Fashion and the Economy: Bags aren't Investments

As the economy has cratered and more or less stayed that way, we have begun to hear more and more from designers (and their PR companies) about the new way we should be looking at fashion – as an investment in our futures. People have used the “investment” excuse to justify the money they spend on bags for years, but as conspicuous consumption of luxury good contracts at an even greater rate than across-the-board retail spending, brands and their mouthpieces have looked to the word as a possible way to pry the remaining dollars out of consumers’ wallets. Lesley Blume of Slate‘s finance blog The Big Money has the breakdown on exactly why the fashion-as-investment logic just doesn’t hold.

According to Blume, the old marketing tactics for luxury goods just aren’t working out in this economic climate. You probably remember them well – “Everyone deserves to indulge a little bit,” “There’s nothing wrong with wanting some luxury in your life,” et cetera. Well, now that unemployment is approaching double digits and luxury might mean something completely different to some of the consumers that they were trying to target in years past, luxury firms have changed their language a bit. Instead of a splurge, it’s an investment. Instead of luxury, it’s quality.

But the entire thing seems a bit disingenuous when you think about what an investment is supposed to mean – it’s a store of value expected to at least hold or increase its worth over time. There’s always the chance that an investment may depreciate, but generally, that’s not the expectation. What Blume points out that should be obvious, though, is that the vast and overwhelming majority of fashion items are going to depreciate like a new car just driven off the lot.

The problem with most fashion items, particularly bags, is that they’re mass produced. The brand may not want you to think about them like that, but they are, and they appear in the exact same iteration in stores all over the country, and probably will for several seasons. When they’ve run their course, many look dated because people have moved on to the new styles that are now in stores. Bags don’t hold their value or appreciate because they’re widely available at a set price in a store near you; wait a bit, and they’ll probably go on sale. When a consumer can just as easily buy the same thing, brand new, at an expected price level without a problem, then there’s no way that they’re going to pay extra (or even the same amount) for a used bag. Even if you look at the word ‘investment’ as meaning something that you can use for a long time (which is not what it means, not even close), there are only a handful of handbags you could buy that will be at all relevant in a year or two. Something new always comes out that we want and the old things get put back in the closet. We all know that.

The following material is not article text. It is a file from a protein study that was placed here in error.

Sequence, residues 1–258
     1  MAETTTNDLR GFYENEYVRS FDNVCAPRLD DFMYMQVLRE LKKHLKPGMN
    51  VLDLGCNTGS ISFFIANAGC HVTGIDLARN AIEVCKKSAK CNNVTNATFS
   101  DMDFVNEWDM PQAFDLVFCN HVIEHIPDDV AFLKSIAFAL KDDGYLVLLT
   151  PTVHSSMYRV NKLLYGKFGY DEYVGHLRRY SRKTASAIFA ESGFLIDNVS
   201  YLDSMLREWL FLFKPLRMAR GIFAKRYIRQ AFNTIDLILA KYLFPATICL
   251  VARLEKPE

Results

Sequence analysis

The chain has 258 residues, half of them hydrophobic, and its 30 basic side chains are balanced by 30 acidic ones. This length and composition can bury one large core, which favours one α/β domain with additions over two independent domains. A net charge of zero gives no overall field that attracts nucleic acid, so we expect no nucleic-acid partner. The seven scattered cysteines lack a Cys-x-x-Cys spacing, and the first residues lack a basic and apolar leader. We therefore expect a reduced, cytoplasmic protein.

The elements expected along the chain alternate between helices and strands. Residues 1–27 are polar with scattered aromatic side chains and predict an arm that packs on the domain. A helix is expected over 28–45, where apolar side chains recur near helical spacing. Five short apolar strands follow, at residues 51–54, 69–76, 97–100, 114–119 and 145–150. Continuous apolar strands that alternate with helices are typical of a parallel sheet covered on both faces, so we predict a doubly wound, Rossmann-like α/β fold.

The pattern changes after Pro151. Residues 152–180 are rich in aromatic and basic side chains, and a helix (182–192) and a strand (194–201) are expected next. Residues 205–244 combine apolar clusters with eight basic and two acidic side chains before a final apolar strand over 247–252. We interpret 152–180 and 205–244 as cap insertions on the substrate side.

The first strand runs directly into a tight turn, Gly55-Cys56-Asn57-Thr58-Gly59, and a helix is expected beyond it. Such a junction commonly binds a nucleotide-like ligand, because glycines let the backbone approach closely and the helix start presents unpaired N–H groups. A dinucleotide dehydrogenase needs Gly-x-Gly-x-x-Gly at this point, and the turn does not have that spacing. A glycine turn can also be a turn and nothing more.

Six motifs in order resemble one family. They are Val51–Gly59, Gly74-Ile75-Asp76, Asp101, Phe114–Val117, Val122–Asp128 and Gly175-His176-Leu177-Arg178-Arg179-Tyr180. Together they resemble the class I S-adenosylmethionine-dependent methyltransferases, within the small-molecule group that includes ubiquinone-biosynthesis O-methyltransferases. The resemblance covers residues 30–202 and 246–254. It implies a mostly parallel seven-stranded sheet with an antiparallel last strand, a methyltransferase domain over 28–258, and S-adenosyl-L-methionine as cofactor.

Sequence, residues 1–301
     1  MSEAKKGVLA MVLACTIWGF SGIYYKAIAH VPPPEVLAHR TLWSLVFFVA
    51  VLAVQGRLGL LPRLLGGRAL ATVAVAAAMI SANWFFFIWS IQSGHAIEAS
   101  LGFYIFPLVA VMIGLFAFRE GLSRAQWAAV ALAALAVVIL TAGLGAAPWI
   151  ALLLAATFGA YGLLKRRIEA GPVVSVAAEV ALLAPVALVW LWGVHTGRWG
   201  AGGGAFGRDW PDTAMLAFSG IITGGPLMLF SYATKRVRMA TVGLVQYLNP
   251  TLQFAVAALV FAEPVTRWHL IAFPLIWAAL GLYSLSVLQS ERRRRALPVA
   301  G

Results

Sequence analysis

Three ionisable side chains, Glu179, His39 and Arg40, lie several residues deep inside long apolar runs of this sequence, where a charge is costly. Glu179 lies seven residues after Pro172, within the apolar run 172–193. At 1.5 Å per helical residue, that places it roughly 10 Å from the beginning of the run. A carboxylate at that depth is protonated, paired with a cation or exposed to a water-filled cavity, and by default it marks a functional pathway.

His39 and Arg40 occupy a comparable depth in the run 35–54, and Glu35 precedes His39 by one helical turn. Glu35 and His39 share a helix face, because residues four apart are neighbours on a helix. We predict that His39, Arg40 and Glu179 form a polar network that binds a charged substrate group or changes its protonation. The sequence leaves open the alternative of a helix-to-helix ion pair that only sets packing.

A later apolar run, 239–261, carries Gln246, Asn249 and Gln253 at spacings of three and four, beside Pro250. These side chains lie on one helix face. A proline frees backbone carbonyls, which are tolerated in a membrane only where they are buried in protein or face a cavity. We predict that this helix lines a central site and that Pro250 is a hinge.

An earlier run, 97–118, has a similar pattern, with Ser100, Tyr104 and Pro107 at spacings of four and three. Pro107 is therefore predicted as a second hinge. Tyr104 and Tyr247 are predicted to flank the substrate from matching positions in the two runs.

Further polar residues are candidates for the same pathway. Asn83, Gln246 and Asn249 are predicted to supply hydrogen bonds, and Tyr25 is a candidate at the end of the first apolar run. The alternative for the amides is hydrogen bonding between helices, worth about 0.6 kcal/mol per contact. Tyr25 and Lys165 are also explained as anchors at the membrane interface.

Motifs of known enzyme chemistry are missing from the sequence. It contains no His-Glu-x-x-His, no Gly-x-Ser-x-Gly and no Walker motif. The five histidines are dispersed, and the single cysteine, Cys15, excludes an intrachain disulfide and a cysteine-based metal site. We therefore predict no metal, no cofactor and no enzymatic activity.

And then there’s the curious case of the Hermes Birkin, which is widely cited as a wise “investment” by fashion people. The Birkin differs a bit from the average designer handbag because they’re much less widely available and most people that want them have an ideal iteration that they’d like to find one day. As a result, they escape the quick loss in value that most handbags experience when they leave the store. In that way, the people that claim it’s an investment aren’t THAT wrong, but Blume does a bit of math to illustrate that even the Birkin isn’t a great option, despite the fact that it may be the best one in the handbag universe. Most people in the Birkin price range aren’t going to take to eBay to sell their own bags because of the financial risk associated with high-dollar transactions on an Internet auction site; instead, they go through resellers. As a result, even if the bag sells for above retail, the money that the owner gets back will likely be less than what they paid after the reseller takes their commission. Compared to what the stock market did in November 2008, the depreciation might seem minimal (Blume calculated it at about 20%), but it’s still not a wise investment if depreciation can be reasonably predicted.

I’ve resold a number of bags in my time, mostly Balenciaga, and they’re another brand that holds their value better than average because they’re a bit harder to find, have a heavily devoted following, and their colors change every season. Still, none of them sold for their retail price, even those that I sold during the It-Bag heydey a few years ago. So Blume’s article more or less corroborated my own personal experiences – bags are not a solid investment by any reasonable definition of the word, although some bags lose less value than others, and you may even get lucky and buy a rare color that collectors will pay a premium for in a few years.

In the end, though, the odds are against it. My advice for those that are looking to buy handbags in this economy is simply to buy something that you love and that you think you’re likely to use often. If you have the discretionary income in your budget for luxury goods, then by all means, spend it. But don’t spend it on what a brand is telling you to “invest” in – just buy what you love.

Article via The Big Money

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